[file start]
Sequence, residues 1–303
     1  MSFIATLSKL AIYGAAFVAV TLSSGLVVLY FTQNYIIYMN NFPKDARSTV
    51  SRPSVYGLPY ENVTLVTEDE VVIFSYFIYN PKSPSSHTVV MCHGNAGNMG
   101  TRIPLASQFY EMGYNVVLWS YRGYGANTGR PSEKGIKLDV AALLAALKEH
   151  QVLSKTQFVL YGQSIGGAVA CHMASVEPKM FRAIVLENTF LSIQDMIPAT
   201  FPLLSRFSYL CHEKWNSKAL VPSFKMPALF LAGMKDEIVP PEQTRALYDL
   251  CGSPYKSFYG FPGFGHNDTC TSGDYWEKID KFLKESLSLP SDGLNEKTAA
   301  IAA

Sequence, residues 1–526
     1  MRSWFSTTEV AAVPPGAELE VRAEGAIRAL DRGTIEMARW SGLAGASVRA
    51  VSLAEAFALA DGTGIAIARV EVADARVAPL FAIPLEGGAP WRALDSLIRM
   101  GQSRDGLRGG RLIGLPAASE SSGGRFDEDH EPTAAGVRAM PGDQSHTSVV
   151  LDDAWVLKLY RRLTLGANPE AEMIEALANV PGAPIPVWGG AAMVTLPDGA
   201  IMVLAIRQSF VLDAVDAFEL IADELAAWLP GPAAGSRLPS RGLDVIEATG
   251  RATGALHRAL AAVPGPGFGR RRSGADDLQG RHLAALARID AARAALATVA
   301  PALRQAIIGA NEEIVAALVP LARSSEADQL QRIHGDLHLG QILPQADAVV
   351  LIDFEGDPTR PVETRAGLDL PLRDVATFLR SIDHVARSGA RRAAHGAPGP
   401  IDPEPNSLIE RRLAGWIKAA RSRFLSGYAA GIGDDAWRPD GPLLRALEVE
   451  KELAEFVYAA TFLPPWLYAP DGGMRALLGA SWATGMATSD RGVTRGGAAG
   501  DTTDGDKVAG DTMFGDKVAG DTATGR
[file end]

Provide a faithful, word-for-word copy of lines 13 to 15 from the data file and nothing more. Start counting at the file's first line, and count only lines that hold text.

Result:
   151  LDDAWVLKLY RRLTLGANPE AEMIEALANV PGAPIPVWGG AAMVTLPDGA
   201  IMVLAIRQSF VLDAVDAFEL IADELAAWLP GPAAGSRLPS RGLDVIEATG
   251  RATGALHRAL AAVPGPGFGR RRSGADDLQG RHLAALARID AARAALATVA